Photo by Anti-Slavery International.
7. OUR COMPANY CODE OF CONDUCT SAYS WE PAY A FAIR WAGE
Putting a code of conduct on a website is not a guarantee that a fair wage is being paid. This is not to say that having this in a code of conduct cannot be useful. It can be used to hold companies to account and, if workers know about the code and what it contains, they can use this to demand better wages.
Putting a code of conduct on a website is not a guarantee that a fair wage is being paid.
The problem is that codes are only worthwhile when proper procedures are in place to implement, monitor, and verify these standards. Companies have to check whether the code is actually implemented and work with supplier factories to make sure that improvements are happening. It also isn’t enough to say that a “fair wage” is paid. Companies need to publicly state what “fair wage” means, using real figures and methodology, as well as publish a plan for how they intend to achieve it.
8. THE ECONOMIC CRISIS HAS CRIPPLED OUR ABILITY TO PAY A HIGHER PRICE
While we acknowledge that the economic crisis has had an impact on company profits, this is a very separate matter to the right to a living wage. A living wage shouldn’t be an bonus that companies can choose or not choose to pay depending on the stock-market performance.
A living wage shouldn’t be an bonus that companies can choose or not choose to pay depending on the stock-market performance.
Workers need a living wage not as a favor but as a necessity, whether it is the right time economically or not. A living wage isn’t only the privilege of the rich.
9. HIGHER WAGES WILL DRAW LOW-PAID NURSES AND TEACHERS INTO THE GARMENT INDUSTRY AND RUIN LOCAL EDUCATION AND WELFARE
Although this appears to be the case at first, this argument underestimates the positive impact higher wages in manufacturing may have on public- and private-sector jobs.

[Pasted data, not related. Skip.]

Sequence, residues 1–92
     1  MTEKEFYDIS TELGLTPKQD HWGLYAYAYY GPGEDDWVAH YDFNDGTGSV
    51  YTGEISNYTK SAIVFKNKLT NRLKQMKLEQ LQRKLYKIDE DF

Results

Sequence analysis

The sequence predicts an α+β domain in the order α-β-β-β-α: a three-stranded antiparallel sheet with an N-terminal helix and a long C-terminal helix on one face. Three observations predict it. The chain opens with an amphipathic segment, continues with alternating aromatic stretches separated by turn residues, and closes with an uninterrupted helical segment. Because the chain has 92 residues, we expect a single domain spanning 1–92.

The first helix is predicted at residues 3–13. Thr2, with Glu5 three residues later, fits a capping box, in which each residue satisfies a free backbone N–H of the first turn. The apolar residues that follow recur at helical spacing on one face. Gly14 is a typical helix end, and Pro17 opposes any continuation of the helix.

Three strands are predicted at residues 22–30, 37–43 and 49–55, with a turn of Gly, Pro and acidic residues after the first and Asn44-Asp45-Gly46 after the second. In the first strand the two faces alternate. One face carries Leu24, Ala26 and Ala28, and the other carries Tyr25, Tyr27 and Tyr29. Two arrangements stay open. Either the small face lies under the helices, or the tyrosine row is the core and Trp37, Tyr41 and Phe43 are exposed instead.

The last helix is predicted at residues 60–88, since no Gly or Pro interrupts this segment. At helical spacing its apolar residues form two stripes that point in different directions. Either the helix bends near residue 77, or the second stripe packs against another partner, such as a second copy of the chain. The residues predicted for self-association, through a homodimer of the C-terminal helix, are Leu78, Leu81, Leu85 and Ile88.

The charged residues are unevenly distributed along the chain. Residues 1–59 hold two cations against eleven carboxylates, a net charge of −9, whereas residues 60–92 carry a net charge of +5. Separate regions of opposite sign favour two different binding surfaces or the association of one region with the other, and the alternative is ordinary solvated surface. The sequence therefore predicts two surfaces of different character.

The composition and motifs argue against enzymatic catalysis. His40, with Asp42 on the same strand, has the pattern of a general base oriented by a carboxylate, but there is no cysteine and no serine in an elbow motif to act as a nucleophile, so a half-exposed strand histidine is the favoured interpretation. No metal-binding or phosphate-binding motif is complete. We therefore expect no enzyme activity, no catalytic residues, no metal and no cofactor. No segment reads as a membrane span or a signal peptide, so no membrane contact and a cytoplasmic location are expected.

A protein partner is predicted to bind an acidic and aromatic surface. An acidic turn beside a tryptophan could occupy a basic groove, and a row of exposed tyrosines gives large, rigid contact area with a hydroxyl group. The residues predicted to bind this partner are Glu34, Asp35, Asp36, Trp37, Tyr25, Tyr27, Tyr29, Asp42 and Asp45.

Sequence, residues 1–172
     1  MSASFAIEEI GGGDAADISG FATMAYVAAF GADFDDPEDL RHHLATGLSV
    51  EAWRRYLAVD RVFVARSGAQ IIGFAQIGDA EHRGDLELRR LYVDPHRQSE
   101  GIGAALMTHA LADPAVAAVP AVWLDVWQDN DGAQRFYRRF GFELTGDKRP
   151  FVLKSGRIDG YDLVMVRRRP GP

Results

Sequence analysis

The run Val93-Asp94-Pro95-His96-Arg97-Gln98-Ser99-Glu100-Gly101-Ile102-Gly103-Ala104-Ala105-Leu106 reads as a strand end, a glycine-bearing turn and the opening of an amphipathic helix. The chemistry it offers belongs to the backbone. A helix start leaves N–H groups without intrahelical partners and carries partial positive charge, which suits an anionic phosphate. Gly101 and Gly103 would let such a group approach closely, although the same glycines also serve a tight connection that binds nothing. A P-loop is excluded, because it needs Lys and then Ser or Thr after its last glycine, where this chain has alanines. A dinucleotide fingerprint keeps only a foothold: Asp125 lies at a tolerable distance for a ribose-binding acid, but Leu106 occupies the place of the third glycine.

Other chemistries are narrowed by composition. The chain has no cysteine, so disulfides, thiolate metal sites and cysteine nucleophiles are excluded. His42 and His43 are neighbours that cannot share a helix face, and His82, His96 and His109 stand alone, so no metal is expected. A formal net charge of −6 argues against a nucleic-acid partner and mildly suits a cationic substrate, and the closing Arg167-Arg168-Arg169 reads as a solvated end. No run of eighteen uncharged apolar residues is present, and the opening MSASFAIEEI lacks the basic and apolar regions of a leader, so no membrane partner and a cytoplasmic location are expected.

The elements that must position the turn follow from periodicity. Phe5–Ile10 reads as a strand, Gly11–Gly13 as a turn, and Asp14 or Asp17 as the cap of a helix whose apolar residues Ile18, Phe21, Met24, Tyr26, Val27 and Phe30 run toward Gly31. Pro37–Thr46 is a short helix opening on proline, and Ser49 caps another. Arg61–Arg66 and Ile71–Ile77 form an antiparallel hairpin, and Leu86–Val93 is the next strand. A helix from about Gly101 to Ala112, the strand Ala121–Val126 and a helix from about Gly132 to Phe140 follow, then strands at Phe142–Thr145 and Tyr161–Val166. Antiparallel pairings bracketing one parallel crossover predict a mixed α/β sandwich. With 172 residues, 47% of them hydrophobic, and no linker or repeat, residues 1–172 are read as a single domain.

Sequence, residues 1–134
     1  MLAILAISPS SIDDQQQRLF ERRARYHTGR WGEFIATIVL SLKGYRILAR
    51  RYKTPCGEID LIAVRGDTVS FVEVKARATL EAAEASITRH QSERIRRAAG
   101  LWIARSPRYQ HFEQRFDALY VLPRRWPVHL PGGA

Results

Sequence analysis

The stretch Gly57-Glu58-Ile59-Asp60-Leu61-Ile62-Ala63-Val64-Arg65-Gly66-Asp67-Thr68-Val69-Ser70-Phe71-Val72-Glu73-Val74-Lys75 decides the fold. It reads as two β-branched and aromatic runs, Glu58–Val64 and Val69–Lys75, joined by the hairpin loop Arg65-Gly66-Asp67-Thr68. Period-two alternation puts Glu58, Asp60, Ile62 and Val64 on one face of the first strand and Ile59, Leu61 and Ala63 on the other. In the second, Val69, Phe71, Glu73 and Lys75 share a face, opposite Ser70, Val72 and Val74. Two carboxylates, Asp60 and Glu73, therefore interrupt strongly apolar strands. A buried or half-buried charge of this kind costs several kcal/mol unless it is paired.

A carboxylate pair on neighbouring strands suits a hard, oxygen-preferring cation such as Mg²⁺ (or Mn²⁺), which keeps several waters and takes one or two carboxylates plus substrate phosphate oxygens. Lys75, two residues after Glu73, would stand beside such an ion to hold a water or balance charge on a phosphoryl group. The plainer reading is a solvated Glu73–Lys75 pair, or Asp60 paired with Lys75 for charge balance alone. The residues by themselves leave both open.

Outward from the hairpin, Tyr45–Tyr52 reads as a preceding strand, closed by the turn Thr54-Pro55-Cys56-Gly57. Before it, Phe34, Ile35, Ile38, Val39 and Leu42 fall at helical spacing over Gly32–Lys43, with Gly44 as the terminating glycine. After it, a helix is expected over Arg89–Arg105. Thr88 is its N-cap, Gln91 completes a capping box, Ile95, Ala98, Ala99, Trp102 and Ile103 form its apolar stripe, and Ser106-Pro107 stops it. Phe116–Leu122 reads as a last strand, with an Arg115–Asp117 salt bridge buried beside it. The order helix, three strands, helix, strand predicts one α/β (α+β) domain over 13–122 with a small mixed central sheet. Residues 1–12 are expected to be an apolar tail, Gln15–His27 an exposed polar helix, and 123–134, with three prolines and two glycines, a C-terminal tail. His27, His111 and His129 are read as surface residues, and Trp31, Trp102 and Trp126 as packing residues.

A living wage in manufacturing could see local economies lifted across all sectors and allow developing countries to progress.
With a rise in manufacturing salaries, local governments will receive a higher tax income, allowing them to offer competitive salaries to teachers and nurses. Likewise, with more money circulating in local economies, and more tax paid by public sector workers, the national treasury will receive a boost.
A living wage in manufacturing could see local economies lifted across all sectors and allow developing countries to progress. Although the garment industry purports to benefit developing country national treasuries, it actually prohibits development. All the benefits of cheap labor are siphoned off to profit top-level executives and international shareholders.
10. OUR SHAREHOLDERS DON’T SUPPORT LIVING WAGES FOR WORKERS
It’s a sad fact that companies cannot make decisions based on human rights but have to find the business case for doing the right thing. This fact isn’t going to change. But that doesn’t make it impossible to convince shareholders of the necessity to take action.
Companies like Marks & Spencer use “ethical practices” as their selling points and have increased profits by investing in CSR initiatives.
In 2009, following a series of media exposés, Primark shareholders agreed to appoint a CSR director to the company board, as well as employ a CSR team to address labor rights. Companies like Marks & Spencer use “ethical practices” as their selling points and have increased profits by investing in CSR initiatives.
Furthermore, on the factory level, studies have shown that workers who are well-nourished, work regular hours, and are paid well, work more productively and produce a better product. There are plenty of business cases for paying a living wage. With the right discussions with shareholders, there is no reason support cannot be built.